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    Re: which would you choose?
    From: Jim Manzari
    Date: 1999 Aug 03, 3:36 PM

    Dan Hogan wrote:
    > Well having been in this position once. Here's what we had.
    > Tables H.O. 249, Sextant Hughes, Almanac, Time pieces: 3 Quartz from
    > yard sales, Shortwave Radio, Pilot Charts ,2 INT Plotting charts, 3
    > destination large scale charts.
    FWIW, here's what I carry in my navigation kit...
     - Tables H.O. 249
     - Duttons, the old one with relative motion problems in back
     - Bowditch, the old fat version
     - Tables from Bowditch
     - H.O. 603, Forecasting Ocean Waves
     - Star Finder H.O. 2102
     - Two 90-45-45 degree plastic triangles with compass rose
     - Small true-magnetic-compass circular calculator, plastic
     - Small speed-time-distance circular calculator, paper
     - $10 quartz alarm clock selected for good rate + spare battery
     - Plath sextant
     - Lifeboat sextant, unfortunately lost
     - High-quality alpine or pocket barometer
     - Small hand-bearing compass
     - Pad of sight reduction sheets
     - Pad of relative motion sheets
     - Fine-tipped drafting dividers
     - Nautical Almanac
     - Perpetual almanac taped to cover of log book
     - Tide tables, light lists, radio signals list
     - Pilot charts for all oceans
     - Pilot books for regions to be visited
     - High quality SW radio for time signals and entertainment
     - Cheap, throw-away 7x50 binoculars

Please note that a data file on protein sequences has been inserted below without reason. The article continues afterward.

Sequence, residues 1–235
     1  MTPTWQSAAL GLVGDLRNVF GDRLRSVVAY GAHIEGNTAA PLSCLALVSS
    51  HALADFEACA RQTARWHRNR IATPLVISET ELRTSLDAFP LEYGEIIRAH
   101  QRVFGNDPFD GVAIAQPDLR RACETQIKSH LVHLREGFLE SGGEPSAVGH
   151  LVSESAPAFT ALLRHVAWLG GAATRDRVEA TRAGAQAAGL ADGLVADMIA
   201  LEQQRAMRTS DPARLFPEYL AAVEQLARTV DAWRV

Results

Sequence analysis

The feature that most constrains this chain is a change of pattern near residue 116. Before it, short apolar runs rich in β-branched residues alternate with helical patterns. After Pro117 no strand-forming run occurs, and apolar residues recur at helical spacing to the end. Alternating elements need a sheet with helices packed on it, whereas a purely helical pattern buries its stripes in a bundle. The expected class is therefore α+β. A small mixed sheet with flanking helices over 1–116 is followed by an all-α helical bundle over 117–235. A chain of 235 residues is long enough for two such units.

- Pen light with red lens + spare batteries
     - Personal log book + clock rate book + ship's log book,
       these are ordinary ledger books with non-removable pages
    Added during the past 5 or 10 years...
     - Hand-held GPS + spare batteries
     - Small electronic compass + spare batteries
     - HP 32SII calculator
    It's difficult to estimate what all this has cost over the years.  Charts have
    always been a major on-going expense.  The Plath and the radio were the
    biggest individual expense.  The other stuff was built up slowly over many
    years of trail and error.  Parts of kit are packed in a map case that I take
    with me whenever I sail on someone else's boat.
    It's a bit like asking a carpenter what he has in his toolbox when he starts
    out as an apprentice and then ask him what he has after 35 years.  When I
    started out the kit looked nothing like it does today.  However, when I
    started out I knew I wanted to navigate for the rest of my life, so the kit
    just naturally expended and I feel the cost was well justified.
    Jim Manzari

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